European captain Paul McGinley is dreading his next meeting with Luke Donald after overlooking his former Ryder Cup team-mate for a wild card.
McGinley selected Stephen Gallacher, Ian Poulter and Lee Westwood for the biennial contest against the United States from September 26-28, with Donald missing out despite his superb record in team golf.
The former world number one achieved a 7-1 record in two Walker Cup wins and has claimed 10 and a half points from 15 matches in four previous Ryder Cup appearances, all of which ended in a European victory.
The 36-year-old also partnered Paul Casey to World Cup glory in 2004 but has paid the price for an indifferent season, recording just one top-10 finish on the European Tour in 2014.
Donald's very first Ryder Cup match was with McGinley against Stewart Cink and Chris Riley on the opening morning in 2004, but McGinley refused to let emotion get in the way of his decision.
"There's bigger things in life than making a phone call regarding sport, but it was a very, very difficult thing for me to do because of my personal relationship with Luke, because we get on so well," said McGinley, who was also designated to "look after" Donald when he was vice-captain in 2010 and 2012.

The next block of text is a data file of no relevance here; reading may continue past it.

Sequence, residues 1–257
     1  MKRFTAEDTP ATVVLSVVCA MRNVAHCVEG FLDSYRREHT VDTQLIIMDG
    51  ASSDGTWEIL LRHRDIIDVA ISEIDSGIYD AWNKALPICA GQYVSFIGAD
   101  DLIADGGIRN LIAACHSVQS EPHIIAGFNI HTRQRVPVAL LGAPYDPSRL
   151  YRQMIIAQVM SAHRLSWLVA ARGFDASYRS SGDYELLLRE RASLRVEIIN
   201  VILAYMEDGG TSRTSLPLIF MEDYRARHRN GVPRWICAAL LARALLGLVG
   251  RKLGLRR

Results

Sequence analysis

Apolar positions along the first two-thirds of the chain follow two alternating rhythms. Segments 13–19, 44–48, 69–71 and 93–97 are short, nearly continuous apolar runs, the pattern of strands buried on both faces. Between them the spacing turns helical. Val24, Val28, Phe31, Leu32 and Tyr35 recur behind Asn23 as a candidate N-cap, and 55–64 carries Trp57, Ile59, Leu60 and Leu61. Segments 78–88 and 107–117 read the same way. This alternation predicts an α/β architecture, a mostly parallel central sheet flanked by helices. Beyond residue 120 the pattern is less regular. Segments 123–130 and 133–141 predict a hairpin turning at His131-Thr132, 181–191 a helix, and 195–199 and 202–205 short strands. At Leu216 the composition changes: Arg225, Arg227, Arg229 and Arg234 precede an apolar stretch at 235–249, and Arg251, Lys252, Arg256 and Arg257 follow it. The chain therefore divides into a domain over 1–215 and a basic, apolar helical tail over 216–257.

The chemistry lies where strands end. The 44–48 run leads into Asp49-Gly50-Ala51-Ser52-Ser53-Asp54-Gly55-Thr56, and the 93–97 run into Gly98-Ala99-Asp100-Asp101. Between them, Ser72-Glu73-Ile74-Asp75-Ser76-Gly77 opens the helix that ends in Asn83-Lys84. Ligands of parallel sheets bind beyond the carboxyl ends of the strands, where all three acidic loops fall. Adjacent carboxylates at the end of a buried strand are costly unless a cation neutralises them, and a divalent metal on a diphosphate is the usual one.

"We've shared so many emotions together in extreme circumstances. There's a whole load of things that went on at Medinah two years ago that people aren't even aware of.
"His first Ryder Cup, he was so beset with nerves he didn't hit a shot for the first six holes, but he came through. At the 18th, he hit a two iron onto the green when we really needed it for a half point.
"When you have that kind of experience with somebody you never forget it. You bond with them. I have a very strong bond and feeling with Luke, and the next time I see him it's going to be very tough."
McGinley admitted that the PGA Centenary Course at Gleneagles does not favour a relatively short hitter like Donald, while adding that is was small glimpses of form from Westwood that made the difference.
"Ian Poulter has never really shown a huge amount of form going into Ryder Cups in the past so I wasn't that perturbed about seeing a lot of form from him," he added.
"The second easiest decision was Gallacher and the third one was the very difficult one between Lee, Luke and Francesco (Molinari). It was a very short head but ultimately that little flourish of form Lee showed around the US PGA time and Firestone was a flourish that Luke wasn't able to show and that's how close it came down to.
"There was some decent form after four missed cuts in a row. I asked him (Westwood) to show me some form and he stepped up to the plate and produced. Luke played very consistent but he didn't have those green shoots of real form that I saw from Lee."